Trouble is my business by Lisa Walker
If you enjoyed Lisa Walker’s last novel The girl with the gold bikini, you’ll enjoy this sequel even more, though it must be said it reads perfectly well as a stand-alone. Walker has really settled into her groove, and I found this second story about private investigator Olivia Grace a more smooth flowing mystery with plenty of laughs along the way.
The descriptions of her undercover disguises are hilarious, the fake tans, dyed hair, hippy clothes, as are the thought comments of her assumed persona ‘Nansea’, the comments she worries might be a throwback to the imaginary friends she had as a kid, something she thought she’d outgrown. Her inner Nansea is really cool, ‘the girl who gets her man, never takes no for an answer, and always looks stylish’. However the reader picks up clues that perhaps the disguise is not as convincing as she thinks, and maybe Rosco, her former employer and love interest, finds it all a bit amusing.
This latest adventure has the lot, a missing girl, environmental activists, a bizarre cult, hippies and surfies, cryptic clues, and numerous suspects, all with names starting with the letter A. It’s a lot of fun, and the mystery will keep you guessing until the end.
Themes Detectives, Mystery, Gold Coast, Surfing, Humour.
The girl with the gold bikini by Lisa Walker
Wakefield Press, 2020. ISBN: 9781743056875.
(Age: 14+) Recommended. Olivia Grace has just finished school and
wants to be a private investigator like Nancy Drew or Veronica Mars,
and gets a job working for former school mate Rosco at Gold Star
Investigations. She's a fun but awkward heroine, always getting into
bizarre comical situations, that would make a great comedy film.
She's tied herself in knots trying to master speed yoga instruction
in an evening, she's posed as a femme fatale at a dating night,
she's swum with sharks, she's braved the stand-up comedy circuit.
There is just one laugh after another.
The setting is the Gold Coast, the world of sun, surf and meter
maids, the girls in the gold bikinis who add coins to parking
meters. A devourer of Mars Bars, Olivia is not the usual meter maid
type, but even this is a challenge she takes in her stride, along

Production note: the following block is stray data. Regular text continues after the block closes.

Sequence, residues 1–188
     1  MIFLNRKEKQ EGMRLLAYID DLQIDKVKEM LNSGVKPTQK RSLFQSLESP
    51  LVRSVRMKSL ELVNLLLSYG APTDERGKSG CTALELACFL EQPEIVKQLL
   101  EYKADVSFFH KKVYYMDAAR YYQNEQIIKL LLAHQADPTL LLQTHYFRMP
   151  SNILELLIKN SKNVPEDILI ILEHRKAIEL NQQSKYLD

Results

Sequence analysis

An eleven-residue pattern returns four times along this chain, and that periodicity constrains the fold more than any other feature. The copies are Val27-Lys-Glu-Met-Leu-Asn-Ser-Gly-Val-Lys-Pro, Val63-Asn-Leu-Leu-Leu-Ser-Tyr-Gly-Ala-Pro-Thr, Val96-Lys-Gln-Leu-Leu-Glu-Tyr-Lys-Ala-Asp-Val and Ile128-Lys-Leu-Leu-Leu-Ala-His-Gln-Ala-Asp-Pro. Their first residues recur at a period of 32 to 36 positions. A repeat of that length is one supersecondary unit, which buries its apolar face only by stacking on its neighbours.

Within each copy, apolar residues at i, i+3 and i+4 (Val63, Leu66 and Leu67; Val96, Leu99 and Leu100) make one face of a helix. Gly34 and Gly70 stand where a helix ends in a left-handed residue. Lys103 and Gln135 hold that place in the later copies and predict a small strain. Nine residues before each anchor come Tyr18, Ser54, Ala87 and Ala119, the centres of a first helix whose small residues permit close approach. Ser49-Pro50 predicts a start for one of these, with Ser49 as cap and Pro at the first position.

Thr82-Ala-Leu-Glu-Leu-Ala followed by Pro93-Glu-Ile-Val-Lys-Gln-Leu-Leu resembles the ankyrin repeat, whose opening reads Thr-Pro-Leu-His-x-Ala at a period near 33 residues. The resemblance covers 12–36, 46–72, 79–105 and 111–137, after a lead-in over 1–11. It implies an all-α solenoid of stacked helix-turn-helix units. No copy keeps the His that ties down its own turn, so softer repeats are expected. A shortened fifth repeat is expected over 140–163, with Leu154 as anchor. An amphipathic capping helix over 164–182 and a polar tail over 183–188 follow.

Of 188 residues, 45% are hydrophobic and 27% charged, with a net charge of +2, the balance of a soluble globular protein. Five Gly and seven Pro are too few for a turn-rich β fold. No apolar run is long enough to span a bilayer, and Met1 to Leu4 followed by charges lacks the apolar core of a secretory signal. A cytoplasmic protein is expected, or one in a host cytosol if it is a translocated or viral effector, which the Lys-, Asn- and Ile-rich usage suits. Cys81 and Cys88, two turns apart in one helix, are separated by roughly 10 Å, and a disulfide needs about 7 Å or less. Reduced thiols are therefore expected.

with the occasional headstand when required. Whilst it is a light
and funny plot, there are some unexpected twists as in all good
detective stories, and also a positive affirmation of being true to
oneself, having courage, and overcoming discrimination based on
appearance or gender. Readers who enjoy comedy and detective stories
will enjoy this book. And for surf lovers the descriptions of
surfing the waves are brilliant.
notes are available. Themes: Detectives, Gold Coast, Yoga,
Surfing, Body image, Sexism.
Paris Syndrome by Lisa Walker
HarperCollins, 2018. ISBN 9781460755242
(Age: Adolescent) This seemingly light-hearted story, as adolescent
fiction, touches on important aspects of the decisions of young
people who are becoming aware of themselves and their role in the
world. Covering fantasy, dreams, sexual awakening and love, Walker
takes us into the lives of a young woman, Happy (Happiness) Glass,
who is obsessed with all things French. The "Paris Syndrome"
dominates her life, and when all things French are part of her
city's celebrations, she finds herself caught up in more than she
Lisa Walker captures the angst of adolescence in a well-constructed
and believable narrative, with adults in that world offering gentle
support and wise guidance for the young woman. Happy faces more than
just the light-hearted world of adolescence as she seeks to enjoy
life at the same time as she is faced with the risks of letting down
her guard, revealing who she really is to someone who may or may not
like her for this. Wisdom is there in plenty, from wonderfully
crafted interactions with older family and friends, particularly
Professor Tanaka, whose wisdom and kindness enable Happy to come to
terms with herself. This is a good text both for adolescent reading,
and for those who work with adolescents.